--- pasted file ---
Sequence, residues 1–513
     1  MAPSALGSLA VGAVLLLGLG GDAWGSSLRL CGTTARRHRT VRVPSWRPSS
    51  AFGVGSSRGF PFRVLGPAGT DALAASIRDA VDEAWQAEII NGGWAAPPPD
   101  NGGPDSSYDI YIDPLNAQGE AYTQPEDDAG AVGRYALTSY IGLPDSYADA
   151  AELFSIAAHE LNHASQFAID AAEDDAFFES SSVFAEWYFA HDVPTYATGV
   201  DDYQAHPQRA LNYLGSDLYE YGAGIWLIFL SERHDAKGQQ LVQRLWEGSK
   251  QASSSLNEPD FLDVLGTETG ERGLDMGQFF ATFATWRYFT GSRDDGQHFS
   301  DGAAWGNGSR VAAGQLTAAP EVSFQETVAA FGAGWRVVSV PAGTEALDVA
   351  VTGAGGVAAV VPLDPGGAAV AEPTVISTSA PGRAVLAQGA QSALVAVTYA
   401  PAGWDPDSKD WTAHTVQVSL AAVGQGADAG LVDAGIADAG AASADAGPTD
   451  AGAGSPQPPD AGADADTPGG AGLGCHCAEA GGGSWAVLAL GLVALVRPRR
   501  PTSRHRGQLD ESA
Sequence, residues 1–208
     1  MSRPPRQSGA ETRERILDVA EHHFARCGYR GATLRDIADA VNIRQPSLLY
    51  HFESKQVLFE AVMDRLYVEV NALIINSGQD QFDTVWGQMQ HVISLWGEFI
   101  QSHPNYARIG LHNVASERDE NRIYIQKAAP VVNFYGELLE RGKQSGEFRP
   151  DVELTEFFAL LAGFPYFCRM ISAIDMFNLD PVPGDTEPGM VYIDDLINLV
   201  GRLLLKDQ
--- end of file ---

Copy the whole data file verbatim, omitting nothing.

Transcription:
Sequence, residues 1–513
     1  MAPSALGSLA VGAVLLLGLG GDAWGSSLRL CGTTARRHRT VRVPSWRPSS
    51  AFGVGSSRGF PFRVLGPAGT DALAASIRDA VDEAWQAEII NGGWAAPPPD
   101  NGGPDSSYDI YIDPLNAQGE AYTQPEDDAG AVGRYALTSY IGLPDSYADA
   151  AELFSIAAHE LNHASQFAID AAEDDAFFES SSVFAEWYFA HDVPTYATGV
   201  DDYQAHPQRA LNYLGSDLYE YGAGIWLIFL SERHDAKGQQ LVQRLWEGSK
   251  QASSSLNEPD FLDVLGTETG ERGLDMGQFF ATFATWRYFT GSRDDGQHFS
   301  DGAAWGNGSR VAAGQLTAAP EVSFQETVAA FGAGWRVVSV PAGTEALDVA
   351  VTGAGGVAAV VPLDPGGAAV AEPTVISTSA PGRAVLAQGA QSALVAVTYA
   401  PAGWDPDSKD WTAHTVQVSL AAVGQGADAG LVDAGIADAG AASADAGPTD
   451  AGAGSPQPPD AGADADTPGG AGLGCHCAEA GGGSWAVLAL GLVALVRPRR
   501  PTSRHRGQLD ESA
Sequence, residues 1–208
     1  MSRPPRQSGA ETRERILDVA EHHFARCGYR GATLRDIADA VNIRQPSLLY
    51  HFESKQVLFE AVMDRLYVEV NALIINSGQD QFDTVWGQMQ HVISLWGEFI
   101  QSHPNYARIG LHNVASERDE NRIYIQKAAP VVNFYGELLE RGKQSGEFRP
   151  DVELTEFFAL LAGFPYFCRM ISAIDMFNLD PVPGDTEPGM VYIDDLINLV
   201  GRLLLKDQ